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Technical Issues => Object Oriented Programming & Design => Topic started by: joseph on April 04, 2007, 01:20: PM

Title: What is Object-Oriented Programming?
Post by: joseph on April 04, 2007, 01:20: PM
Object-Oriented Programming (OOP) requires a different way of thinking about how you construct your applications. Objects enable you to more closely model in code the real-world tasks, processes, and ideas that your application is designed to handle. Instead of thinking about an application as a thread of control that passes chunks of data from one function to the next, an OOP approach allows you to model the application as a set of collaborating objects that independently handle certain activities.

As an analogy, when a house is being constructed, the plumbers deal with the pipes, and the electricians deal with the wires. The plumbers don't need to know whether the circuit in the bedroom is 10 amps or 20. They need concern themselves only with their own activities. A general contractor ensures that each subcontractor is completing the work that needs to be accomplished but isn't necessarily interested in the particulars of each task. An OO approach is similar in that each object hides from the others the details of its implementation. How it does its job is irrelevant to the other components of the system. All that matters is the service that the object is able to provide.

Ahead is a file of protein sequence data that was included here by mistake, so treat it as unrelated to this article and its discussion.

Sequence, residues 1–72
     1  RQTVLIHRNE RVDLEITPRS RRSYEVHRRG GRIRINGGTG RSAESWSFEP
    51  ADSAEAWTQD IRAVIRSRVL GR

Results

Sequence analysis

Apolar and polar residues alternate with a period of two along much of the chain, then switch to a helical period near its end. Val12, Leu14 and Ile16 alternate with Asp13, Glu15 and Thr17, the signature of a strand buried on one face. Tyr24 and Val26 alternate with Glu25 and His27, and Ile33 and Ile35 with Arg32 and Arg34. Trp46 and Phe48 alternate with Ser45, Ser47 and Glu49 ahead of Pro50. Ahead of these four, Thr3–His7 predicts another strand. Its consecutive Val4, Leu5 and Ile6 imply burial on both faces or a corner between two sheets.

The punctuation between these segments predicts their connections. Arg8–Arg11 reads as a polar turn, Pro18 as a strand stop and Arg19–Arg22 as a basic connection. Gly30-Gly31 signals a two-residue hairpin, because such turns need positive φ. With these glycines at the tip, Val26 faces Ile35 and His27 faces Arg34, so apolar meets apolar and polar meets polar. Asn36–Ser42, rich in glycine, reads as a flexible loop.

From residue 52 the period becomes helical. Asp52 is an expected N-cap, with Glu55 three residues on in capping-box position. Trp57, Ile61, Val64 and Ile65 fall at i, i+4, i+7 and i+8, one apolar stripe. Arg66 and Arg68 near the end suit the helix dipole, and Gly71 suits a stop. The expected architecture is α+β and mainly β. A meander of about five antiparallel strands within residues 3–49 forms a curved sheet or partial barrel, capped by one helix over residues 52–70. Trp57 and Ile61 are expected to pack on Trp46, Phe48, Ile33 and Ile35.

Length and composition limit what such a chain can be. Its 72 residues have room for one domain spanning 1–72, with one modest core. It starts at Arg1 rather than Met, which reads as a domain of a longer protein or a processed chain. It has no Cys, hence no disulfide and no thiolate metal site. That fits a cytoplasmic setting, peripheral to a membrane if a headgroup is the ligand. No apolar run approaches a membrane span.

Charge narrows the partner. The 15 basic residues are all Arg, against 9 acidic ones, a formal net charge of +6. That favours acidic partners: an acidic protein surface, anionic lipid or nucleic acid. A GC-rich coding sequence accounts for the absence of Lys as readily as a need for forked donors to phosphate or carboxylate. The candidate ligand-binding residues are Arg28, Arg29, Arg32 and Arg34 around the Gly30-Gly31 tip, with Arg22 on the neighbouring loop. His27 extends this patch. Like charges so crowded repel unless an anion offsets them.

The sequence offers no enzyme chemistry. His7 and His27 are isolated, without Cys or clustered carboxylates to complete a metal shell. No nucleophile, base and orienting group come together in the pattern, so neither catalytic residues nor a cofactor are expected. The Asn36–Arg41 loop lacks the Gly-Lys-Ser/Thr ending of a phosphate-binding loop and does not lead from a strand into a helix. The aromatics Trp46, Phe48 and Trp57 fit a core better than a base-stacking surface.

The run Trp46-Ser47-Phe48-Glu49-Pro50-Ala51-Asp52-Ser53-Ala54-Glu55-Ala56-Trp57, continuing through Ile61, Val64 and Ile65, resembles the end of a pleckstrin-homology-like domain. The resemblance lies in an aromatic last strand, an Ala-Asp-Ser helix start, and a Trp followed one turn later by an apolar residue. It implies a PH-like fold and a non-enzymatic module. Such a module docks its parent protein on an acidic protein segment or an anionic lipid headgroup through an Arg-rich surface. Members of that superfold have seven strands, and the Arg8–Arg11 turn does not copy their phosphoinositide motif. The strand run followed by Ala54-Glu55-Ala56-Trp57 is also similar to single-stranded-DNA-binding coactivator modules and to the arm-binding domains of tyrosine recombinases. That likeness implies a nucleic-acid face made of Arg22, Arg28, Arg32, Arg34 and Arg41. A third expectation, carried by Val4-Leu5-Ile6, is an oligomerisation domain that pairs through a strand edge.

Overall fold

The concepts of classes and objects, and the ways in which you can leverage these ideas in the development of software, are the fundamental ideas behind object-oriented programming. This is, in a sense, the opposite of procedural programming, which is programming using functions and global data structures. As you'll see, an object-oriented approach gives you some big benefits over procedural programming and, with the new implementation of OO support in PHP5, some large performance boosts, as well.